To use a seafaring analogy, you’d hire a ghostwriter just as you’d hire a master shipbuilder to deliver you to your desired port. For an agreed-upon price, the ghostwriter turns your concept into a marketable – and seaworthy – project, navigates the challenging waterways, and lets you take all the credit for the creation of that fabulous “vessel”.

In contrast, a collaborator is a partner with skills comparable to your own who builds the project alongside you, assumes an equal share of investment and risk, and expects the reward of both a split credit and half the profits.

An editor is like a painter who gives your DIY boat a fresh cover coat and some touch-up. If, however, an editor knows nothing about water-tight construction, scraping off barnacles, or how to avoid pirates and Krakens (publishing scams), don’t be surprised if you sink before you even get out of the harbor.

Lastly, neither ghostwriters nor editors receive remuneration beyond their professional fees, nor – unlike collaborators – do they participate in any pitching/selling of the finished projects. And, of course, all three arrangements require formal contracts to define ownership rights, timeframes and payments.

If you’re still not sure what type of kindred spirit could best assist you and your company, drop me an email at with “Ghostwriting” in the subject line. I offer a free 30-minute phone consultation to discuss projects, answer questions, and provide reasonable quotes.

In the meantime, here’s this month’s exciting line-up of guest blogs:

Why Do Research Before You Incorporate A Business Name? – by Debbie Nguyen

The Self-Published Author as Entrepreneur/Small Business Owner – by R. Travis Shortt

When Should You Consider Someone From Outside – by Archie Ward

The Vital Leadership Question I Couldn’t Answer – by David Dye

How Integrating PR and Social Media Can Become a Partnership of Results – by Janette Speyer


Lining Up Your Ducks

Duck and Ducklings

When a mother duck takes her ducklings for their first swimming lesson, you never see her pose group questions like, “So is everyone ready to do this or shall we wait until tomorrow? Does this look like a good spot to start or do you like that slope over by the bridge better? Are all of you okay with getting wet or shall we just keep practicing our walking?” Nor do you ever see her push them from behind or go chasing after the stragglers. No, she simply steps into the lake, glides away and doesn’t look back to check and see if they’re following her lead. She knows that they are because (1) she’s the mom, (2) she projects confidence, and (3) she’s a natural born leader.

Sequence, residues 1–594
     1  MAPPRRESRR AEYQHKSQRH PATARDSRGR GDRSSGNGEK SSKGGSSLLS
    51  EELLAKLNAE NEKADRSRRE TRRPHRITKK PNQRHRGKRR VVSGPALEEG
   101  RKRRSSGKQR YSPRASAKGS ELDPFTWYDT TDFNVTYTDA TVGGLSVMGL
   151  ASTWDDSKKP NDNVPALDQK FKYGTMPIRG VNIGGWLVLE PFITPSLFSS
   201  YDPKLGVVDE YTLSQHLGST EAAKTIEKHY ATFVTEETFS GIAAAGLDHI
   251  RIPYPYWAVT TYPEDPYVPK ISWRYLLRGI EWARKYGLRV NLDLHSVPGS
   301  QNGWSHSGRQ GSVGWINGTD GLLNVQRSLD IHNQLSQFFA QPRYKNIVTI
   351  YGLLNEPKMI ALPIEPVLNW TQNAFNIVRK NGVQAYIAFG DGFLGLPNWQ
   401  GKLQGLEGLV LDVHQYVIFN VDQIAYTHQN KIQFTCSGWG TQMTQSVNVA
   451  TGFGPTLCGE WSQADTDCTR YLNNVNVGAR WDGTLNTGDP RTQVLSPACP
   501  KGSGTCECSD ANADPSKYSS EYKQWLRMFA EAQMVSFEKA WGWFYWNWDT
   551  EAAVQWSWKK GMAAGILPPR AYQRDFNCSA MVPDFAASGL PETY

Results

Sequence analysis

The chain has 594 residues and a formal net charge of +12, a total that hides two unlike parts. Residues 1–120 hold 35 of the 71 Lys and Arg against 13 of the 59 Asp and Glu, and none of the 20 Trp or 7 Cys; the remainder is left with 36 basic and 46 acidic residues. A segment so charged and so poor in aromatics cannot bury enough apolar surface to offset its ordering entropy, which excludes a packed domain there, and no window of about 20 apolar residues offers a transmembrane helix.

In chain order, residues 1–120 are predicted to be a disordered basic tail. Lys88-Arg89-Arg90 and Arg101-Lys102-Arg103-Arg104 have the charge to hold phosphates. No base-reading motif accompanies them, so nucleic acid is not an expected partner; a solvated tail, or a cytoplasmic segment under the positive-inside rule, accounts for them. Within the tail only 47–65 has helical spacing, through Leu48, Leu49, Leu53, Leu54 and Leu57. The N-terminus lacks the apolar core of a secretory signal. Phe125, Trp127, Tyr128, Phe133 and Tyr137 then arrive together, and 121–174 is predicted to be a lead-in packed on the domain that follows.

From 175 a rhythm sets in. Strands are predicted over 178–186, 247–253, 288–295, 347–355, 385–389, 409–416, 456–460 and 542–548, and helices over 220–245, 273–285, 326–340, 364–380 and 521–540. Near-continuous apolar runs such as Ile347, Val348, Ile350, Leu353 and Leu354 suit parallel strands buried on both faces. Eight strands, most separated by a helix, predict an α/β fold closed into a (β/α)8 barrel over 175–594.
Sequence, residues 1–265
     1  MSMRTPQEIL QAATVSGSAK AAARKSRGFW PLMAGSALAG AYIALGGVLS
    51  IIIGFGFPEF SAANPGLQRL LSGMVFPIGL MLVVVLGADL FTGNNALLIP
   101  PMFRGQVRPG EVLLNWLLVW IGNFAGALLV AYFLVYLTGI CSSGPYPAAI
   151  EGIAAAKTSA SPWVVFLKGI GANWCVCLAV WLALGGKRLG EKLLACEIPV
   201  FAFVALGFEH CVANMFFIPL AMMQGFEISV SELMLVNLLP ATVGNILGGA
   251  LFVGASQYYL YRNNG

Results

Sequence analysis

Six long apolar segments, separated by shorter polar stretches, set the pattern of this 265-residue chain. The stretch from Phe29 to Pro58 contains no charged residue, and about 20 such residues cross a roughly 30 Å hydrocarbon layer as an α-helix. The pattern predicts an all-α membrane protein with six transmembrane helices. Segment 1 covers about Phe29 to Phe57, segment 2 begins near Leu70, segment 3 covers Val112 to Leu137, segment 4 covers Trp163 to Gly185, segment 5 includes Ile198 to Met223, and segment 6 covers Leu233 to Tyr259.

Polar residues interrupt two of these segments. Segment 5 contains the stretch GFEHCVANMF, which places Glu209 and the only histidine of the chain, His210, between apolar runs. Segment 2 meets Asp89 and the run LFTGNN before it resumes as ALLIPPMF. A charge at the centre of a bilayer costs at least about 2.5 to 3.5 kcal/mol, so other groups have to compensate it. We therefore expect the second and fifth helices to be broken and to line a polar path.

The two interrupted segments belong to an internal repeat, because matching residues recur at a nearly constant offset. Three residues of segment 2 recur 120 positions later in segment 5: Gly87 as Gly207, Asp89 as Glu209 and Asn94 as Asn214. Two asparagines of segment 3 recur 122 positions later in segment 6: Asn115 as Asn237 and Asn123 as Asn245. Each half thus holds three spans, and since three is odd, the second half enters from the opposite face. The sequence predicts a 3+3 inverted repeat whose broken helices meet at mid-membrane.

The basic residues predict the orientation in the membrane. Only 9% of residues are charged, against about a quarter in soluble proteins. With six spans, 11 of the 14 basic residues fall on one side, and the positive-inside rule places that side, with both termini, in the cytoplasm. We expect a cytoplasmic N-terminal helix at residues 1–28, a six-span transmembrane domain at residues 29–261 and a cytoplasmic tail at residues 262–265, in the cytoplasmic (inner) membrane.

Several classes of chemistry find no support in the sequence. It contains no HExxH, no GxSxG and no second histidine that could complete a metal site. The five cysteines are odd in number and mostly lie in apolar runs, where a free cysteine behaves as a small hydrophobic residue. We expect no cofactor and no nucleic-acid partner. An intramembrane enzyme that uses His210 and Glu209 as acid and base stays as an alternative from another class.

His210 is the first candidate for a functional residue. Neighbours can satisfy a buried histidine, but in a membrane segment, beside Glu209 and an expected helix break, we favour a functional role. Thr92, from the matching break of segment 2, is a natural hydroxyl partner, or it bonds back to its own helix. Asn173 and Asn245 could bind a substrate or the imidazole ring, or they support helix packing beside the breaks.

There’s a lot that can be learned from this tableau if you’re in charge of a team that’s venturing into uncharted turf (or surf). During the years I worked in both the private sector and state government, I had a plethora of managers who believed that every decision – no matter how small – had to be decided by committee and consensus, a strategy that all too frequently resulted in lost opportunities as well as loss of morale.

I think there’s also a collective sense that leaders don’t really work that hard because they make everything look easy; accordingly, duckling followers are often unaware of just how much vigorous paddling is going on beneath the surface in order to move forward until they have to actually hit the water themselves.

Lastly is the fact that newly hatched birds will attach themselves to whatever they see when they first open their eyes. In most cases this imprinting occurs with a parental whom they will happily follow hither and thither as loyally as if they were connected by an invisible string. Thus, the scamper down to water’s edge is a no-brainer; If Mom’s going somewhere, it has to be someplace interesting.

As a parallel, consider what type of imprinting transpires on a new employee’s first day in the office. If you, their leader, aren’t there to show them around, don’t be surprised if their initial attachment is to whoever is available, friendly, and eager to show them the ropes. If it’s the office gossip or, worse, a competitor for your job, we’ve got a sinking feeling about where this will go.

Here’s this month’s exciting line-up of guest blogs:

Why Having a Business Blueprint is Necessary for the Success of Your Business – by Amandah Blackwell

2 Most Critical Event Mistakes & How You Can Avoid Them – by Diane Conklin

Entrepreneurial Failures – 9 Killer Mistakes Made By Entrepreneurs – by Kayy Egal

Tips for Engaging Followers on Facebook and Twitter – by Gina Mason